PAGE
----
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Local Government

The Park Board Gets the Fair Park Privatization Contract on Thursday. Let’s Dig In.

Have some questions about the changes at Fair Park? So do we.
Josh Blaylock

On Thursday, the long-awaited plan to privatize Fair Park will reach the Dallas Park and Recreation Board. City staff’s recommendation hands off its management to a group overseen by the newly formed nonprofit Fair Park First, which features a board of mostly locals—the leader of a design firm, an architect, a banker, a representative for black contractors, nonprofit folks, the former president of the Dallas Arts District.

The subcontractor that will take over the park’s operations is Spectra, a Comcast-owned national corporation well versed in park management. A separate community park will be designed by the New York-based Biederman Redevelopment Ventures, the firm behind New York’s Bryant Park and our beloved Klyde Warren Park. Fair Park First will make sure goals get met, money gets raised, and neighborhoods bordering Fair Park get their voices heard as a new master plan gets drawn up. It will also manage capital improvements.

Proponents view the bid as a healthy mix of in-towners and out-of-towners with proven experience in park management, folks who have grown revenue in other public spaces through sponsorships and events and programmed content, the types of things that Dallas struggles to stuff into Fair Park over the course of a full year.

If it all goes according to plan, Fair Park would morph from a poorly used concrete island of beautiful yet decaying art deco architecture into a vibrant asset in the city center, one that binds the surrounding communities. And it’ll save the city money, somewhere between $70 million and $100 million over the next decade, just by passing off the operations. (The city had been spending about $11.2 million annually to manage the 277 acres.)

The city will still own and maintain the buildings, which is why $50 million was set aside for improvements at Fair Park in last year’s bond package. The contract calls for specific percentages of minority contractors, and, while Fair Park First isn’t mandated to retain staff, the nonprofit has agreed to interview everyone for the 72 open jobs. About 50 are currently filled.

We aren’t able to see the full contract yet; state law prevents it from being released to the public until after the City Council approves it. That’s ostensibly because of the way in which it was bid out. But you can take a look at the fully legal briefing here, and we can still ask some questions about the details of the deal. Did we miss any? That’s what the comments are for.

Fair Park First’s governing board is made up of nine people. Can that be expanded?

Here they are.

Yes. Darren James, the president of the Fair Park First board of directors and the head of Oak Cliff-based design firm KAI Texas, says there is no cap in the bylaws on board seats. If a need arises that requires expertise from an outside party, the board gets to decide whether to add another seat and appoint a new member. Bylaws do mandate that the board have at least nine members.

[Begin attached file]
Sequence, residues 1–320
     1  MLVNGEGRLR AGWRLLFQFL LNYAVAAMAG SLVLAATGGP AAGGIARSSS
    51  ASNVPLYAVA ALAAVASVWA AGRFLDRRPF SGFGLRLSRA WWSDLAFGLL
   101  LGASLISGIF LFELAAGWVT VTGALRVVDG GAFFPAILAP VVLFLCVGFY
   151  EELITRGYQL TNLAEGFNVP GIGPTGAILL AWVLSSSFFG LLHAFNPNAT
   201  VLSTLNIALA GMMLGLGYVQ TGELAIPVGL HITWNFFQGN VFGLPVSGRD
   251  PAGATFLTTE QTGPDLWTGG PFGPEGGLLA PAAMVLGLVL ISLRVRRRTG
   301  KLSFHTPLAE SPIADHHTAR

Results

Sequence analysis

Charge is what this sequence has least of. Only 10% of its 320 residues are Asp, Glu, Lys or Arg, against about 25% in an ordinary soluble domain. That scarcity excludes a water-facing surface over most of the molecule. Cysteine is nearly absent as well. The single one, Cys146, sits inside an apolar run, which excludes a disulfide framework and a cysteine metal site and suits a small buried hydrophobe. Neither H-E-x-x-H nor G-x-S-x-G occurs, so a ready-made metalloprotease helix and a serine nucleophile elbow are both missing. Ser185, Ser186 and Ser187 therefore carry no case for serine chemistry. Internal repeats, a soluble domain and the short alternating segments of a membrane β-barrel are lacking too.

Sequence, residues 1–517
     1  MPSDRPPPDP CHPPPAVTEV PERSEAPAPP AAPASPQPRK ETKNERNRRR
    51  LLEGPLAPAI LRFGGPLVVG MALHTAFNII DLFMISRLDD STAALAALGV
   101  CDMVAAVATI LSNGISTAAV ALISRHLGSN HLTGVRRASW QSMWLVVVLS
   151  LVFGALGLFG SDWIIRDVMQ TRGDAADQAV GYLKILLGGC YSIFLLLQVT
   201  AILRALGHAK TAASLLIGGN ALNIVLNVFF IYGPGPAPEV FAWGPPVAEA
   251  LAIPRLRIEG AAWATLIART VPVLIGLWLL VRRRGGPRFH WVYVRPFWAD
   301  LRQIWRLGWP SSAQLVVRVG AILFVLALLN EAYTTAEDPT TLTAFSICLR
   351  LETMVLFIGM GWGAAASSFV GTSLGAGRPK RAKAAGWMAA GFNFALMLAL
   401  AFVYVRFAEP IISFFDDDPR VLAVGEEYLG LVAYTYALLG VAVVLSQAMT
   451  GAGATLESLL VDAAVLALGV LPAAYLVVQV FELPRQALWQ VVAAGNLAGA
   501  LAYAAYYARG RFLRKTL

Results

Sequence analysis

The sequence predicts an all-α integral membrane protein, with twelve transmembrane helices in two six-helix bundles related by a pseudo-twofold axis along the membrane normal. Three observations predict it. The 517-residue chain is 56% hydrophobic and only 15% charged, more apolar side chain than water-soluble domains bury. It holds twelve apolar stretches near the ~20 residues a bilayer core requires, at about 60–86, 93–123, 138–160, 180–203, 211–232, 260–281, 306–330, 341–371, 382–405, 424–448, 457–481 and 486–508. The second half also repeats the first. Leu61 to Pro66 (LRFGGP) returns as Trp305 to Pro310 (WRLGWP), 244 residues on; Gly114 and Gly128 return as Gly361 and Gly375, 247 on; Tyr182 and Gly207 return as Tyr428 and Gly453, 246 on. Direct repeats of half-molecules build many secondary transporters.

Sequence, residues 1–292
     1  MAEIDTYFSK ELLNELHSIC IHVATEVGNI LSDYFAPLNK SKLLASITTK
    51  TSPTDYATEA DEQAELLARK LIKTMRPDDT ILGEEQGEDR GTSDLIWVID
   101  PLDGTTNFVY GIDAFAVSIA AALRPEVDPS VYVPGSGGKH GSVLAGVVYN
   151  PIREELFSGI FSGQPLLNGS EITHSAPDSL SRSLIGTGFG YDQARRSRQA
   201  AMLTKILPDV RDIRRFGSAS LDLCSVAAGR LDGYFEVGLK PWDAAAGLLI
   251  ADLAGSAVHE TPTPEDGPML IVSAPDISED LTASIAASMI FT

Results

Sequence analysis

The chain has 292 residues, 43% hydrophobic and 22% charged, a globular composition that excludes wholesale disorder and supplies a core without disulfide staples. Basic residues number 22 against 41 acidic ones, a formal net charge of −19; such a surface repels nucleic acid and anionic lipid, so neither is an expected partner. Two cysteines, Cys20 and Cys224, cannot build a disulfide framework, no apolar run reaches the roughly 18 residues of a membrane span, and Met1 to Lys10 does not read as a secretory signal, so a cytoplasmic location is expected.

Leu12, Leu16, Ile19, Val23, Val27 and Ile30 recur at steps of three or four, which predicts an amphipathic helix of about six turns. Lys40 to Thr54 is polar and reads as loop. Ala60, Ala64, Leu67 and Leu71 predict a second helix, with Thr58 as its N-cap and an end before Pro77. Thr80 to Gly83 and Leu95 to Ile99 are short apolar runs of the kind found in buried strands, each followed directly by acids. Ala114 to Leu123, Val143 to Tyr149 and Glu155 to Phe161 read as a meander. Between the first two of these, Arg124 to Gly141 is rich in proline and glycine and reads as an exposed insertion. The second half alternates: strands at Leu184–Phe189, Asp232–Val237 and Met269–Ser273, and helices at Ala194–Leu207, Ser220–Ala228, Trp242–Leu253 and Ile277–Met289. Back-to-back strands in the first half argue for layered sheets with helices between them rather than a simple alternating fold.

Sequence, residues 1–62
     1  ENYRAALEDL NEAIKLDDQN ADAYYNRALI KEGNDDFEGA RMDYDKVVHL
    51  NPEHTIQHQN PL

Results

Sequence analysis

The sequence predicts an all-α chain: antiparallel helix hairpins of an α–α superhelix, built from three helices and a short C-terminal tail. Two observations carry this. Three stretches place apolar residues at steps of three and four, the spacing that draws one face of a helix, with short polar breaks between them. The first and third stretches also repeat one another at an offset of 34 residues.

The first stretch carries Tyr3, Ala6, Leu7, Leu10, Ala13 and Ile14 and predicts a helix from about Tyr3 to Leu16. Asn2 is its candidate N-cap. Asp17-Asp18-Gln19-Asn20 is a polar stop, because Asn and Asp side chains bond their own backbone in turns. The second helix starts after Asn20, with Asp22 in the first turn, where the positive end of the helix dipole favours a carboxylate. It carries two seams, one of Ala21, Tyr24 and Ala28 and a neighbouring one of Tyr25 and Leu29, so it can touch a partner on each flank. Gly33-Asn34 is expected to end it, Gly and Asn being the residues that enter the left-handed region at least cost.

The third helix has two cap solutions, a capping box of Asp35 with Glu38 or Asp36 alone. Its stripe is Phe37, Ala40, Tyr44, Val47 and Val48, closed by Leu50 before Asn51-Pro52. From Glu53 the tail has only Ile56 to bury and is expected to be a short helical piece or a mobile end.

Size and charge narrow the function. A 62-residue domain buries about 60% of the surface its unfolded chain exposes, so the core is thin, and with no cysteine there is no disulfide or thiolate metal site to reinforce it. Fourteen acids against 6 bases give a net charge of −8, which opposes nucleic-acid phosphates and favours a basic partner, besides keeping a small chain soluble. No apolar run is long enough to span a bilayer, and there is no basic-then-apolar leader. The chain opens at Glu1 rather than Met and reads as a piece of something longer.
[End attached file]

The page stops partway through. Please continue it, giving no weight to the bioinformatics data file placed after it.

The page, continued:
So wait. I’ve heard this Spectra deal is really good financially. Like, really, really good. If this whole operation loses money, can Spectra wiggle out of their contract? Like, stuff the board seats and vote to flee town?  

The two other bids for Fair Park—from former Hunt Oil. Co. Chairman Walt Humann’s Fair Park Texas Foundation and developer Monte Anderson’s Fair Park Conservancy—asked the city to fund their entire operating expenses, which amounted to about $16.9 million and $14.8 million each year, respectively. The winning bid, in year one, asked for about $4.5 million from the city to operate the park. Over 10 years, they want just $35 million. That’s a lot less than what the competition requested.

How much the city will pay in the new Fair Park deal.

James said this was something Fair Park First considered. And they’re comfortable with Spectra’s pro formas, which harnesses the company’s existing relationships with national entertainment promotors and sports agencies as well as their sponsorship revenue from venues in other cities that it manages.

“It’s not a concern that we believe is a realistic outcome,” James said. “Based on the expertise that we’ve seen in working with Spectra and working through their pro formas and a whole lot of what-if scenarios, we don’t see that coming to pass based on their track record in doing this internationally.”

Sponsorships? So we could be looking at the Goop Hall of State? The Toyota Women’s Museum? The AT&T Supports Equal Rights African-American Museum? The Harold and Annette Simmons Trinity Esplanade?  

Fair Park First still has to follow the Park Board naming policy and is governed by the subsequent requirements of the Landmark Commission. The Park Board has to OK any re-naming, and the director has to give his or her OK on any sponsorship that exceeds five years.

The contract with the city is with Fair Park First. So what does the subcontract with Spectra look like?

James says it mirrors the Fair Park First deal. Meaning both are tied to Fair Park for 20 years, with two options to extend another five years. Fair Park First will also receive quarterly performance updates from Spectra to make sure goals are being met.